Artist Breathes Art into the Linen Hall Library
Artist-in-Residence Laura Graham opens a 'Door', the first in a series of art installations
This month sees the beginning of an ambitious and innovative series of events and installations taking part at Belfast’s Linen Hall Library, entitled Breathe Various. Running from now until June, it is the brainchild of onetime solicitor, now artist in residence, Laura Graham.
The first of these installations is called 'Door'. It is an eye-catching 7ft x 3ft pair of lips, superimposed on a light-box and hung above the entrance to the library. Upon further inspection, the lips are comprised entirely of various translations of the word ‘door’.
‘A key idea behind the ongoing exhibition is communication,' Graham explains. 'So I decided to take the mouth as the object. It is through the mouth that we breathe and communicate. In a sense, it is where consciousness comes from. Without the mouth we wouldn’t be here.'
The idea of communication also ties in with the many languages used in the 'Door' piece. However, the translations also connect with the library in another sense. When researching the august institution, Graham was shown a rare hand-written book by librarian John Killen. It was, she says, a great source of inspiration.
‘The Lexicon is a wonderful book,' says Graham. 'Basically a man took lots of words and translated each of them into about 20 different European languages. It is a very rare, beautiful book, not out on the actual library shelves.
'I thought I would like to create something that reflected this multicultural awareness. I also wanted to make sure I was reflecting Ireland’s nature and the fact that it has got so many different indigenous elements involved.’
There are therefore a number of key elements clearly at play within 'Door'. The mouth is a vehicle for communication, the many languages a display of multiculturalism, the light-box a metaphor for the Age of Enlightenment (during which the Library was formed in 1788).
Graham also sees the library as a metaphysical doorway, a portal to a richer life. ‘Each time you open a book, you’re opening a doorway. Each time you see someone, each time you have a conversation, another doorway has opened. You’re never the same again. You’ve gone through something.’
The artist is also keen for the themes to permeate the rest of the Breathe Various events, the next of which is a Parisian inspired discussion forum. Graham is enthusiastic about her plans to bring more people into the library.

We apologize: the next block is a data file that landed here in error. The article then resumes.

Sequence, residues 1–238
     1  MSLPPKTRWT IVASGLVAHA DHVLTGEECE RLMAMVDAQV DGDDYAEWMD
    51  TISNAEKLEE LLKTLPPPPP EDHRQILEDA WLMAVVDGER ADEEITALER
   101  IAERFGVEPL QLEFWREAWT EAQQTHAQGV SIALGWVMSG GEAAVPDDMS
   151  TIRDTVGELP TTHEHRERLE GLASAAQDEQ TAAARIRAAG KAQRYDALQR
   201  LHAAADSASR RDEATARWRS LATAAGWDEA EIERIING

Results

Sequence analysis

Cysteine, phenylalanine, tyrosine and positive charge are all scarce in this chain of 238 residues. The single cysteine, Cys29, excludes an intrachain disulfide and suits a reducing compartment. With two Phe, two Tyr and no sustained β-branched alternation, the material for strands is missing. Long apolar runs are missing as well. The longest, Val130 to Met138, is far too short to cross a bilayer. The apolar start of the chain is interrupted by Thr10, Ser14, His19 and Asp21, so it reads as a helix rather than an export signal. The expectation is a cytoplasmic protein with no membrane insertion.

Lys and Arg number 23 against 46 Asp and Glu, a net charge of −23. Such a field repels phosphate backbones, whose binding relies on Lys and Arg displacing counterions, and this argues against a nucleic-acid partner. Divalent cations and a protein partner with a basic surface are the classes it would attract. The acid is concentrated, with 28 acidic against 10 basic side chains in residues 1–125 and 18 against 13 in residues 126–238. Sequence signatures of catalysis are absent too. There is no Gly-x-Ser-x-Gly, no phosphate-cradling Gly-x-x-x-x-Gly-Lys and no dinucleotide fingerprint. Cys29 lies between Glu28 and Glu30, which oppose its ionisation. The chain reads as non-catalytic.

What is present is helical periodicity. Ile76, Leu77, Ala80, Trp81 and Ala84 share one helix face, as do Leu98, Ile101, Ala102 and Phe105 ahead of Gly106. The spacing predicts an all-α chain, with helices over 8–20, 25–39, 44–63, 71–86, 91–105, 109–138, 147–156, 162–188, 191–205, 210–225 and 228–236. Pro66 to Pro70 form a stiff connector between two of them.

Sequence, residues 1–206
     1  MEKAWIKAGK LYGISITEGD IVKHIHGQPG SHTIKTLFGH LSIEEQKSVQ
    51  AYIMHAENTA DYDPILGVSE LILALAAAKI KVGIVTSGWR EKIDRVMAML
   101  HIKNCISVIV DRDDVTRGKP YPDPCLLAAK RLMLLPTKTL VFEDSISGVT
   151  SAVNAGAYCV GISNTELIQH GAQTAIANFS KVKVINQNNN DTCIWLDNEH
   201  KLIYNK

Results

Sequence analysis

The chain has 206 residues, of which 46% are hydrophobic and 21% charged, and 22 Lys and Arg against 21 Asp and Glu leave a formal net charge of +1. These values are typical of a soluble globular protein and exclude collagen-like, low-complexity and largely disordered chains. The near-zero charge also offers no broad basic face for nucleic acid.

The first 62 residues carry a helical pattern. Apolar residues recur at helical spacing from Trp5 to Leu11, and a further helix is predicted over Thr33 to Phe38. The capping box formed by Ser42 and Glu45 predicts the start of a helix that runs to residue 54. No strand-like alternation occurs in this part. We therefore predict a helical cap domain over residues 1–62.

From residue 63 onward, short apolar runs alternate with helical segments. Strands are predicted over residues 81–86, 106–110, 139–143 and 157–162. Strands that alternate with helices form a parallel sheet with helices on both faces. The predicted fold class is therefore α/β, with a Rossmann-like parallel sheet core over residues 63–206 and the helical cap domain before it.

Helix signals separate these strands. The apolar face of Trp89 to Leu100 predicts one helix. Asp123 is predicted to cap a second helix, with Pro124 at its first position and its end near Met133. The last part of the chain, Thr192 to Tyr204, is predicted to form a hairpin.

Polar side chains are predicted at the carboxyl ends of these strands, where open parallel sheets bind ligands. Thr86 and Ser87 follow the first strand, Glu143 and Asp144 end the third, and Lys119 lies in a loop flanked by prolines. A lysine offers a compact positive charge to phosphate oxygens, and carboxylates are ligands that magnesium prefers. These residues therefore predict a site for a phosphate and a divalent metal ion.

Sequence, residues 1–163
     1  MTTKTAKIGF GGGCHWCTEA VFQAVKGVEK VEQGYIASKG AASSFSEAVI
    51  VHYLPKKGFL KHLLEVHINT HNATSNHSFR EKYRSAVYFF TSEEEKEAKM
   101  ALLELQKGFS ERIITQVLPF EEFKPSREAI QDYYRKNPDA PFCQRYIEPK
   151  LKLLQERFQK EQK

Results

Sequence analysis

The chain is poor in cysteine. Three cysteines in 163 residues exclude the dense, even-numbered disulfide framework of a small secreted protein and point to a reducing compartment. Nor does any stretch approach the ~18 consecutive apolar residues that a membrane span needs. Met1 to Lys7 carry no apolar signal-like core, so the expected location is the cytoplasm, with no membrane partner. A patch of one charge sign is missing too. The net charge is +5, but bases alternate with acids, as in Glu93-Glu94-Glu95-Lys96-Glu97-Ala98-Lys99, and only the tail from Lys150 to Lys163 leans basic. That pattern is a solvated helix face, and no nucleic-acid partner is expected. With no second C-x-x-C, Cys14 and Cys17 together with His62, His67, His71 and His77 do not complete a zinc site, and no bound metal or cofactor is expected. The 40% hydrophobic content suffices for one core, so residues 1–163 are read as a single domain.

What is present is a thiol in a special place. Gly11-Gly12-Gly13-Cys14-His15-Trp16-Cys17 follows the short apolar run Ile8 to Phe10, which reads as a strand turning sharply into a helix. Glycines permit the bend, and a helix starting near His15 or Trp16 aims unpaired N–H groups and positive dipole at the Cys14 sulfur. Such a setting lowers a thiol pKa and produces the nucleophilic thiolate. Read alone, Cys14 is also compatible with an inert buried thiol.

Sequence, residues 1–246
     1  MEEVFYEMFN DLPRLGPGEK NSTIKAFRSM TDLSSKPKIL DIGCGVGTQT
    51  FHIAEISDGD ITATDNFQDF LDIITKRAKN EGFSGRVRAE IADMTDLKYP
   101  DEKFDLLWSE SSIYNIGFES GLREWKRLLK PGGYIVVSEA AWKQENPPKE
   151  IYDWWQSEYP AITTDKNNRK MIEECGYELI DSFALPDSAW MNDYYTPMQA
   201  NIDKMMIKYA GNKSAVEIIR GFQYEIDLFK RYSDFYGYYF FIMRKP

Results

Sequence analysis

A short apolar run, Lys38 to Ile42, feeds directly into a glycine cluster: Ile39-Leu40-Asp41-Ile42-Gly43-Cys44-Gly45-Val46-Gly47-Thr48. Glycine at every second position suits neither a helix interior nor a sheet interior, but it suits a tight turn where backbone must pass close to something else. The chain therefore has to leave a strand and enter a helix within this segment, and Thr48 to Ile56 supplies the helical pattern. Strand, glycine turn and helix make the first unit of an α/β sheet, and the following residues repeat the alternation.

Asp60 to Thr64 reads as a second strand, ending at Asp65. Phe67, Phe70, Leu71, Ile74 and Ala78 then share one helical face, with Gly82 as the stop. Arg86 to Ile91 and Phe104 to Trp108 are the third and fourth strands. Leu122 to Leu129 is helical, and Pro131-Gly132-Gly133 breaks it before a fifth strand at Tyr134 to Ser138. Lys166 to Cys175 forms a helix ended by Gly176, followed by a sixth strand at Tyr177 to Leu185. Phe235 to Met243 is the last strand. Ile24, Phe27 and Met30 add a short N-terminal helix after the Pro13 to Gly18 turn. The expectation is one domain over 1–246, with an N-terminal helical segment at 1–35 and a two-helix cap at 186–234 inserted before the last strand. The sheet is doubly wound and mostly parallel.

‘I’m going to do a philosophy café,' she adds. ‘In the 1990s a philosopher named Marc Sautet developed this idea of having philosophical debates in cafés for two hours each Sunday. We can’t do that, but the proposal is we have a group of different people come, artists and intellectuals, to talk with people who are out shopping or just walking around the city centre. Anybody who wants to come in, or has an interest in discussion, reasoning or logic is welcome. You just need a willingness to engage.’
The third complementary event scheduled as part of the ongoing exhibition will bring art from the streets of Belfast into the library. It is a display of performance art, inspired by books selected by Killen. Graham describes the artists she is welcoming into the Linen Hall as ‘some of the best international performance artists, living right here in Belfast, ready to use the library as a venue to create work'.
Finally, June will see the construction of 'Breathe IV', the final installation. This will be entitled the 'Liberty Tree' (or 'Libertree', Graham is as yet undecided), a pewter sculpture that will pay homage to another hidden slice of Belfast history.
‘I learned through the library that there were liberty trees planted in the City Hall area,' Graham explains. 'I thought this was brilliant, that the people here, who had very little, planted trees to support the people of France [during the Revolution] both emotionally, spiritually and politically. I thought this was a beautiful idea and loved that multicultural sense of support.
'My 'Liberty Tree' is going to be silver with a red branch, which ties in with the Red Branch Knights of Ulster mythology. It is made of pewter and branches, and this holds further significance, but I’m waiting to develop the idea further before I reveal any more!’
While Graham may be keeping some of her cards close to her chest, one thing that she is keen to point out is the love she feels for the Linen Hall Library, and all it provides for the people of Belfast.
‘There is something so nurturing about this place, about both where it has come from and where it is going. The kind of heart it provides for the city centre makes it a very special place, and I’d like everybody to feel the same sense of comfort and privilege that I have when I come here. It really is a privilege.’
As well as being an intriguing interactive exhibition, Breathe Various is a great chance to celebrate one of Belfast’s true treasures. The Linen Hall Library is open to the public Monday – Friday 9:30am – 5:30pm; Saturday 9:30am – 4:00pm.